The Kantz Journal

The Kantz Journal

by Douglas Christie


Publisher Living Parables of Central Florida, Inc.

Published in Literature & Fiction/Medical, Mystery & Thrillers/Mystery, Literature & Fiction/Contemporary, Mystery & Thrillers, Literature & Fiction

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Book Description

Connor Finney discovers his father has died of a sudden heart attack. He becomes consumed with reading a mysterious old journal that may contain clues to his father’s death. A WWII Nazi doctor identified a heart attack gene that killed every male inheriting it, a finding that remained hidden for over 70 years until it re-emerged in Geoff Carter's research. Connor and Carter team up to uncover the most lethal genetic killer of the century. But several other players are also on the hunt to gain these secrets. It must be solved because Connor has a ticking time bomb hidden in his DNA.

Sample Chapter


Robert Finney’s darkly tanned legs stretched lazily across the ottoman. A whoop erupted from his throat with the blast off of Gonzalez’s bat. The ball hit a fan’s glove behind the left field wall and a quick scramble ensued. As the ESPN cameras zoomed in, the prize was almost immediately lifted high in the air by a young teenage girl to the tumultuous roar of the surrounding crowd.

From his complexion, Robert looked like someone who spent a lot of leisure time at the beach or out on the water sailing. His infectious smile and clean-shaven face caught people off guard. With his brushed-back gray hair and sky-blue eyes, he looked like some movie star out of the 1940s. But he was, in fact, an accountant with a casual day off, wearing an old pair of blue shorts, a white tank top, and worn-out brown sandals.

His one objective that day was watching his favorite team, the Miami Marlins, vie for first place in the National League going into the summer. This was the last game of May and they were playing the Colorado Rockies. The homer from Gonzalez definitely got them off on the right start.

The pain in his chest was almost imperceptible as he rose from the couch and headed into the kitchen for a glass of water. Sitting down again and taking a sip, he heard the crowd go wild once more as the quick-footed Chiu stole second on a pass-ball strikeout, then Smith doubled to right center, driving in his sixty-fifth RBI of the year, making it two nothing with two outs.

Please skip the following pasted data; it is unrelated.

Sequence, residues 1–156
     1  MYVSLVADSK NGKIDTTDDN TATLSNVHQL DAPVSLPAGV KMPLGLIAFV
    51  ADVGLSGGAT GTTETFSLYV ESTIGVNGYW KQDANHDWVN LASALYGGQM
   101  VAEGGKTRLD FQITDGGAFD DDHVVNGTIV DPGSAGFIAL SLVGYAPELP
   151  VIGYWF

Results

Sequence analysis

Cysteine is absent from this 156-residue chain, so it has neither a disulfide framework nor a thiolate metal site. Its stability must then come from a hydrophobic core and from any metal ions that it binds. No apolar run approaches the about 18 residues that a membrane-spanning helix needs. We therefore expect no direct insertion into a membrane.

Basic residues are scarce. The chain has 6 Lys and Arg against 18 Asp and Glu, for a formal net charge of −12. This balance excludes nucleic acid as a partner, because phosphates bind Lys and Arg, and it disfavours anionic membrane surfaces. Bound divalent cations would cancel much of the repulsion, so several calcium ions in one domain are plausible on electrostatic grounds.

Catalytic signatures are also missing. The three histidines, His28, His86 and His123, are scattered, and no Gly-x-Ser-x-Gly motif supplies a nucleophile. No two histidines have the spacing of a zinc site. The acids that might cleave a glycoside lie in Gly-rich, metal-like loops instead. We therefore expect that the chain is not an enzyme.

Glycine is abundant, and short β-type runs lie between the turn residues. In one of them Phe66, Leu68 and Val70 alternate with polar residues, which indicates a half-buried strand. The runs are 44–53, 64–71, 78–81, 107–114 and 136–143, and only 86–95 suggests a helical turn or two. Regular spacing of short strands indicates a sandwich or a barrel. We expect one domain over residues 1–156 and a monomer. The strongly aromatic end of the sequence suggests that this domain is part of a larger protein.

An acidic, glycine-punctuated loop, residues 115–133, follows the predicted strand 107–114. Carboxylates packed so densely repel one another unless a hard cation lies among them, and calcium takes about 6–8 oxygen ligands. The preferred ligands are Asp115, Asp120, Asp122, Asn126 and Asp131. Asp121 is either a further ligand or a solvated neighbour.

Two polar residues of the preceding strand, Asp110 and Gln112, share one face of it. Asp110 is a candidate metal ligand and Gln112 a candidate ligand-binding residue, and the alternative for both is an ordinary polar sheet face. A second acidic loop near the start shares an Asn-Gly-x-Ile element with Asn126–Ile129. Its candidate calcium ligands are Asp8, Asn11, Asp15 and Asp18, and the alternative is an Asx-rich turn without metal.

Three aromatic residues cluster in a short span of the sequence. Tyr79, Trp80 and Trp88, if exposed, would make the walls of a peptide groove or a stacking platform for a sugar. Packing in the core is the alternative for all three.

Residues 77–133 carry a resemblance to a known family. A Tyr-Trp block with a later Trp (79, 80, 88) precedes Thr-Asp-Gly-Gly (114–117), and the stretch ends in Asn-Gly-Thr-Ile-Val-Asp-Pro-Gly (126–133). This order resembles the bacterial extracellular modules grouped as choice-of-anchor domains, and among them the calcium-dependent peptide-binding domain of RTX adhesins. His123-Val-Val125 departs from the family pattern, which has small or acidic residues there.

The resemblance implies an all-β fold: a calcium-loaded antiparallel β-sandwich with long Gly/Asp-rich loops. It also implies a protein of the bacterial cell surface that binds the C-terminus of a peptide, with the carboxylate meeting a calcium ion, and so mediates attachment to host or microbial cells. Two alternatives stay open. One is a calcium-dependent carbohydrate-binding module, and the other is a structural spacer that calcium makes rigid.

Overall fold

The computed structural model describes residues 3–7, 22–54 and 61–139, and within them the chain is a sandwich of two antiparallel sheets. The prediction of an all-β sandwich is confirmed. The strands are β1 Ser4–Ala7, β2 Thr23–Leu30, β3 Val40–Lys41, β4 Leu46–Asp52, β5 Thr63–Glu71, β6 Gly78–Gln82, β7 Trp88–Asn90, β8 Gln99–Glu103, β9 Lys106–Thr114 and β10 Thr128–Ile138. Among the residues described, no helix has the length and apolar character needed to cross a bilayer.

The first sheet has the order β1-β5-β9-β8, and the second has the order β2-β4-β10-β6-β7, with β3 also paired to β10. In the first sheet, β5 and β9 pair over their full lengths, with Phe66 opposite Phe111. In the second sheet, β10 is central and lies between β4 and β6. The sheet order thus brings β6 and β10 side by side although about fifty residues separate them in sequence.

“Awesome,” Robert softly exclaimed, only to watch McNichols ground out to first and end the third inning. Suddenly, his right shoulder felt numb with his stomach twisting like a volcano fighting with a tornado. Hey, he thought, I’m behaving myself. No pizza. No nachos with jalapeños. What the heck is going on? He’d taken his usual baby aspirin during breakfast just like his doctor had prescribed. Heart disease ran in the family, but he was the picture of health—hardly sick a day in his life.

The Rockies were up and Hal Johnson, the hottest hitter of the season, was at the plate. Johnson, with a batting average of .399, could become the first hitter since Ted Williams to reach .400 if he made a hit during this at bat. How Robert would love to see this happen, but still have the Rockies lose, though that would mean his manager would have to bench him for the rest of the game—fat chance!

Cold beads of sweat broke out on Robert’s forehead.

Johnson swung at the first pitch from Romero—strike one.

Robert’s hands became clammy. Determined not to let this mess up his plans for a relaxing afternoon, he refocused on the next pitch.

“Ball,” the ump called—one and one.

Suddenly, Robert doubled over with a knifelike jolt that hit him in the chest. Nausea and chills flooded through his body as he toppled off the couch, unable to speak or breathe. Numbing confusion clouded his mind as he began to lose consciousness.

The Marlins are leading … going to take first place … did Johnson get a hit—did he make four hundred? Oh Lord, what’s happening to me?

Blackness. There was no sound—no cry for help.


Excerpted from "The Kantz Journal" by Douglas Christie. Copyright © 2017 by Douglas Christie. Excerpted by permission. All rights reserved. No part of this excerpt may be reproduced or reprinted without permission in writing from the publisher. Excerpts are provided solely for the personal use of visitors to this web site.
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Author Profile

Douglas Christie

Douglas Christie

Douglas Christie was formerly an Associate Professor of Laboratory Medicine and Pathology (University of Minnesota) and then Director/Principal Clinical Scientist with a major healthcare company. He received a BS in chemistry from Southern Oregon University and a PhD in biochemistry from Washington State University. He has extensively published in the scientific and medical literature. The Kantz Journal is his first fiction work. He lives with his wife and two gray tabby cats in central Florida.

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